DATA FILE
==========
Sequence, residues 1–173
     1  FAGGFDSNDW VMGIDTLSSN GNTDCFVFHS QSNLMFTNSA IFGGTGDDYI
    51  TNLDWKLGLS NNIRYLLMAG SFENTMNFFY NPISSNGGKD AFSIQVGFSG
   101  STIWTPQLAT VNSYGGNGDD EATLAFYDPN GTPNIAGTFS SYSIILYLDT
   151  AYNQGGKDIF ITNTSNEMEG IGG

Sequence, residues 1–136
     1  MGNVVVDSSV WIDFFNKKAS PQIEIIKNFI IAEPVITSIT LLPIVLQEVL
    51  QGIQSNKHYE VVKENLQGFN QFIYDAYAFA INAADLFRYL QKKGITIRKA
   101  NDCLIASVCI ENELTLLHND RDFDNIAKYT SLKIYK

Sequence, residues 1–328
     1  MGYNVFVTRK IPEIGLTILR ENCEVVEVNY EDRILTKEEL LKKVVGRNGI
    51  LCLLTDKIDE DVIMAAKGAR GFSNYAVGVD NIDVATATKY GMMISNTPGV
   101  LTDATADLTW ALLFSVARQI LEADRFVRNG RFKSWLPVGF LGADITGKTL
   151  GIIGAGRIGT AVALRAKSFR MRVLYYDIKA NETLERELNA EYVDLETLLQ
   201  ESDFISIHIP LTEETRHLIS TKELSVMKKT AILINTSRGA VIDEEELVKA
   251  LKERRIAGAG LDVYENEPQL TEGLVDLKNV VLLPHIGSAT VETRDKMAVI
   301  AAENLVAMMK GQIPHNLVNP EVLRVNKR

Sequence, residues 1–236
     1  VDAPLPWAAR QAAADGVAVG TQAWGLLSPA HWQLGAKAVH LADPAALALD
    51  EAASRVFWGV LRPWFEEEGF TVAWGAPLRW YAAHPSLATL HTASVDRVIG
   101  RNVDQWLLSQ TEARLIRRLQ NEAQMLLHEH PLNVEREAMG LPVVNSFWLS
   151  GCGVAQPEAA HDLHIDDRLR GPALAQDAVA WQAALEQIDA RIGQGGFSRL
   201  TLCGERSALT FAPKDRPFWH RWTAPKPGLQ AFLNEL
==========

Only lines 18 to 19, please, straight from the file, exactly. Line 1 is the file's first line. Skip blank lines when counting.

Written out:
Sequence, residues 1–236
     1  VDAPLPWAAR QAAADGVAVG TQAWGLLSPA HWQLGAKAVH LADPAALALD